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Algernourne Fort  A triangular wood palisade fortress constructed at Point Comfort in 1609; it was destroyed by fire in 1612.
Font  A basin for holding baptismal water in a church. A receptacle for holy water; a stoup. The oil reservoir in an oil-burning lamp. An abundant source; a fount: She was a font of wisdom and good sense.
[Middle English, from Old English, from Late Latin fons, font-, from Latin, fountain.] Definition is from Microsoft Bookshelf Basics Dictionary
Fort George Built in 1727 and destroyed by the great hurricane of 1749. This hurricane rose the water level of the Chesapeake Bay 15 feet; began the early development of what is now Willoughby Spit; what is now Hampton, was covered with four feet of water; homes near Williamsburg were forced off their foundations.
Hampton Roads Our port has been known to mariners and shipping interests worldwide as Hampton Roads for more than 200 years. The name dates from the 17th century English Earl of Southampton (Henry Wriothesley), who named cities, counties, rivers etc.; and the nautical term road. Nautically speaking, a road is a protected anchorage or a safe harbor. The area was named in his honor by the first royal governor, Lord de la Ware, in the early 1600s.The Hampton Roads region includes the communities of Chesapeake, Franklin, Hampton, Newport News, Norfolk, Poquoson, Portsmouth, Suffolk, Virginia Beach, and Williamsburg, and the Counties of Gloucester, Isle of Wight, James City, Southampton, Surry, and York.  Top Of Page
Historic Triangle The communities of Jamestown, Williamsburg and Yorktown. Top Of Page
House of Burgesses The colonial legislature of Virginia. During the Colonial period, Virginia was governed by a Governor, the Governor's Council, and the House of Burgesses. The members of the Governor's Council were appointed to their positions and acted as the upper house of the legislature as well as the highest court in Virginia. The House of Burgesses was the forerunner of the Virginia General Assembly.  The elected Senate is now the upper house. The lower house was composed of elected representatives (Burgesses) from the shires or counties and is roughly the equivalent of the Delegates of today. The first meeting of the House of Burgesses took place on July 30, 1619 and consisted of 22 Burgesses (2 from each of the eleven boroughs).   Top Of Page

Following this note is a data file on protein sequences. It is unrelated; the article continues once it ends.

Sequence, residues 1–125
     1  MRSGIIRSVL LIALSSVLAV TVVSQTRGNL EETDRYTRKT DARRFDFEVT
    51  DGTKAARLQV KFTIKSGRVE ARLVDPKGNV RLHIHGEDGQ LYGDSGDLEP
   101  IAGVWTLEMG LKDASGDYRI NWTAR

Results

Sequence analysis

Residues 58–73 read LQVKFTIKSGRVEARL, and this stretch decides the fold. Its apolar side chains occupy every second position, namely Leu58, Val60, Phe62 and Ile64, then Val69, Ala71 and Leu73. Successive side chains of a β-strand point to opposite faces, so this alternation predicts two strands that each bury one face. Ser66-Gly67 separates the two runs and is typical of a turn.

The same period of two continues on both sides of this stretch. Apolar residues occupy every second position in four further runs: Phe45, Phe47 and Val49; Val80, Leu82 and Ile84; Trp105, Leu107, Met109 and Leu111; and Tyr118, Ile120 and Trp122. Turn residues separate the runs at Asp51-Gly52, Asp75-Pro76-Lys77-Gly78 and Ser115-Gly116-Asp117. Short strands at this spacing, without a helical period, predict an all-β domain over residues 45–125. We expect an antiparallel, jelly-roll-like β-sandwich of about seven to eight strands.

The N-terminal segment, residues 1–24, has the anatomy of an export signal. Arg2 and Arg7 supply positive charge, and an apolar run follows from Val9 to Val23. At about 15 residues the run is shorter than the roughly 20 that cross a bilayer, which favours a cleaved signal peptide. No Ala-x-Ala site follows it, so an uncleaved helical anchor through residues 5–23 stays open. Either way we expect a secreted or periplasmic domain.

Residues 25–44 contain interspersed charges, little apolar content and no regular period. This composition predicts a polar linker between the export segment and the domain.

Huntington, Archer Milton The son of Collis P. Huntington, builder of the Central Pacific Railroad and the Newport News Shipbuilding and Dry Dock Company and consequently, the heir to one of the greatest fortunes in the United States. In 1930, Archer M. Huntington and his wife, Anna Hyatt Huntington, determined to accomplish his lifetime ambition of building a museum. They decided the Virginia Peninsula, the terminus of his father's railroad and the home of their shipbuilding company, should house: "... a museum and library pertaining to nautical subjects, things, and interests, and otherwise to advance learning, the arts and sciences relating to or bearing on watercraft, the marine, and marine navigation,...and incident to the whole, to develop and maintain a lake and park within the bounds of which the foregoing purposes may be accomplished." Visit our References section for more information.
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Marie's Mount Located in current day downtown Newport News. Marie's Mount was named after the wife of the first known settler in Newport News, Daniel Gookin, Sr.   Top Of Page
Phaeton a small light four-wheeled carriage, usually with two seats and usually drawn by two horses
Pine Beach Located in Ocean View, Norfolk. The ferry from Hampton to Norfolk docked here.   Top Of Page
Transepts The transverse part of a cruciform church, crossing the nave at right angles. Either of the lateral arms of such a part. Top Of Page
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This page was updated 05.18.2005 --- today's date is